Frequently asked questions

In what kinds of food-contact materials are epoxy resins used?

At present, epoxy resins may be used in:

  • The protective inner coating of food tins;
  • The inner protection of the lids of glass jars (jam, ready meals, small pots for babies, caps of glass bottles, etc.);
  • The protective inner coating of drinks cans;
  • The coating of some kitchen utensils (cutting tools, cooking utensils, etc.);
  • The protection of metal tanks and vats used in the agrifood industry.


In these applications, the role of the epoxy resin is to prevent corrosion of the metal. In the case of food tins, by preventing corrosion in this way, it ensures that the food in the tin remains microbiologically safe. In the case of lids for glass jars, the resin also acts as a seal.

Could Tetra Recart packaging be suitable for cooked vegetables?

Tetra Pak and Combifit ensure that their respective packaging solutions, Tetra Recart® and Combisafe®, are compatible with all types of cooked vegetables. Several types of vegetables are already available in this kind of packaging: chopped tomatoes and tomato sauces, dried vegetables in liquid (chickpeas, peas, etc.), mushrooms, green beans, etc.

The only requirements concerning the use of Tetra Recart®  are that the contents must be conditioned in a liquid environment, there must be no air present, and some vegetables must be below a certain size (green beans).

As a manufacturer

Have some companies already opted to package solid food products in cartons?

Tests were conducted a few years ago in France by a major retailer, but they were abandoned due to a lack of success. A tinned food manufacturer also launched the "carré cuisiné" range of carton-packaged products in 2004, but these products have yet to become widespread in France.

In October 2011, another big name in supermarket distribution replaced all its own-brand tinned tomato products (purées, coulis, chopped tomatoes, etc.) with cartons. This initiative was followed in September 2012 by the launch of an innovative range of chunky soups sold in the same kind of packaging. Other soups containing noodles or chunks are also available on the market, including some soups for infants.

Cartons are more commonly used in northern Italy (18% of appertised dried vegetables, 13% of other appertised vegetables and 6% of appertised pet food, according to 2012 figures), and in Sweden (21% of appertised dried vegetables, 22% of appertised tomatoes and 14% of appertised sauces, according to 2012 figures), as well as in the UK and Spain. The brands that use this kind of packaging are mainly supermarket own brands aimed at the core market (mid-range products).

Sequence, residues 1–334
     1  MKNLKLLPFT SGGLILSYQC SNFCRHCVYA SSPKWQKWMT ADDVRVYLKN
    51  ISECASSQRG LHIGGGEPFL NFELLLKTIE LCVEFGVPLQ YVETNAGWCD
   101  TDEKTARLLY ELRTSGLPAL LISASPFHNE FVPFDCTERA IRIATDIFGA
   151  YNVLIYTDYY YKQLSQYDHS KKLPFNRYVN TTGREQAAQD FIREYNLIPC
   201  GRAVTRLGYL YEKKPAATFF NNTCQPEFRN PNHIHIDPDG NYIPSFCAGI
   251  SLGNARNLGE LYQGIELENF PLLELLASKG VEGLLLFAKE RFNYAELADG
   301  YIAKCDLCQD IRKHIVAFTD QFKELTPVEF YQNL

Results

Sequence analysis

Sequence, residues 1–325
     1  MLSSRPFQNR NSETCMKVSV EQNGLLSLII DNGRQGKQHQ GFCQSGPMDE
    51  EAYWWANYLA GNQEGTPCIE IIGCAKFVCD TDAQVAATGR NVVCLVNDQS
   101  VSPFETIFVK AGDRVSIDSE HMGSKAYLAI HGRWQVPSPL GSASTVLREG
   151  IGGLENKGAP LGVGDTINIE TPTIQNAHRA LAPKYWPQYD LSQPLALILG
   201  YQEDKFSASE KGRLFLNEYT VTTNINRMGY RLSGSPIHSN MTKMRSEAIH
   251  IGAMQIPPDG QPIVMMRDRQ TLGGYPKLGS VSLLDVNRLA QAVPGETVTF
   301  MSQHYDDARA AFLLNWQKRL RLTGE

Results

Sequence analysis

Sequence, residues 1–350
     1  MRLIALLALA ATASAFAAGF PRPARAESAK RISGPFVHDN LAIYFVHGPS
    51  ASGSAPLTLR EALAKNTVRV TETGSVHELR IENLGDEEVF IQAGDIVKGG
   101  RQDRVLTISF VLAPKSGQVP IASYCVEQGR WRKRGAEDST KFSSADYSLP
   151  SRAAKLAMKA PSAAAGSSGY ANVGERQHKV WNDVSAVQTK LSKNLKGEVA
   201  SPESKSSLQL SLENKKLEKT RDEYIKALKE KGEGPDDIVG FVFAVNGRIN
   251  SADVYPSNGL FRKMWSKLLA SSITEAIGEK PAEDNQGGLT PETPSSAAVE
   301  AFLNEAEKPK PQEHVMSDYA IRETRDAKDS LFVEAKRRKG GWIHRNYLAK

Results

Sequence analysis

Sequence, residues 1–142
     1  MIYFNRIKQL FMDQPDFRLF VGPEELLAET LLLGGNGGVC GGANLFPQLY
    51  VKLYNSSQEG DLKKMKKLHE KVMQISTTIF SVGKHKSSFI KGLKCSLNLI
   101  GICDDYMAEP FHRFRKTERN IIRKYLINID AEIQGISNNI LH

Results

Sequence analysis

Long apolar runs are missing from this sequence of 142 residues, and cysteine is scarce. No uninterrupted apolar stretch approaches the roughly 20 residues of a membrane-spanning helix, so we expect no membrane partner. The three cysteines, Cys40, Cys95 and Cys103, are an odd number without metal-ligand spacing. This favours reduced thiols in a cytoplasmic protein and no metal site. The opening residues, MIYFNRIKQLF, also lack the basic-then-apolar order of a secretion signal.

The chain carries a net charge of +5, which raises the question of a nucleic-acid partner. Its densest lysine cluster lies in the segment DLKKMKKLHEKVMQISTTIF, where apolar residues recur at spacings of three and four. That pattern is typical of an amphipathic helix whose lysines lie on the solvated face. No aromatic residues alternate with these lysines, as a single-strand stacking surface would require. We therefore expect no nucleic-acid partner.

How can BPA be replaced in food tins and drinks cans?

BPA is used in the production of a thermosetting epoxy lacquer, offering thermal and chemical stability, which allows food tins to last for several years and ensure the microbiological safety of the food they contain. This lacquer may also serve to preserve the organoleptic properties of the food.

At present, there is no universally reliable and applicable solution for replacing epoxy resins in food tins and drinks cans.

There are two possible approaches:

  • either to use another type of packaging compatible with appertisation, such as a carton (e.g. Combifit® or Tetra Recart®), or a soft bag (Doypack®);

or to remove the BPA from the epoxy resin protecting the inside of the food tin. The SNFBM (French union of metallic packaging producers) indicates that four types of resins are currently used as alternatives to BPA-based epoxy resins in food tins and lids for glass jars.

  • Acrylic lacquers
  • Organosol lacquers
  • Polyester lacquers (aminoplast, phenolic, urethane)
  • Vinyls

These solutions are used, in particular, for food containers aimed at children under 3, in which BPA has been banned in France since 1 January 2013. The foods in question are not very corrosive, being neither too acidic nor too salty.

For other tinned products, it would appear that these 4 solutions could be suitable in most cases, but tests have to be carried out for each product, as we can never be certain how the lacquer will behave. Furthermore, we do not have a safe solution at present for certain more corrosive food products.                                                                                           

Other solutions are under development, but none has received final approval as yet. These solutions include new resins that could replace BPA-based epoxy resins, as well as epoxy resins that use a monomer other than BPA. A few examples are given below to illustrate the situations for which replacements are required:

  • In the USA, Eden Foods has marketed tinned foods with oleoresin-based coatings. These resins do not withstand the acidity of some foodstuffs, such as tomatoes.
  • The French National Institute for Agricultural Research (INRA) and the chemical engineering school ENSCM Montpellier are conducting promising research on polyphenol-based resins deriving from bio-sourced tannins, and industrial tests are planned for the months ahead.

Information about the progress and completion of this research work will be provided regularly on the SNA-BPA site.

How can BPA be replaced in the lids of glass jars?

One technique that has already been tried and tested involves gluing a PVC film to the epoxy resin so as to isolate it from the food product.

While this option significantly reduces migration of BPA into the food, it does not eliminate BPA from the food container entirely.

This problem ties in with the challenge of replacing epoxy resin in food tins (see the question "How can BPA be replaced in food tins and drinks cans? ").

Contributions on this subject are welcome (see the "contact" section of the site).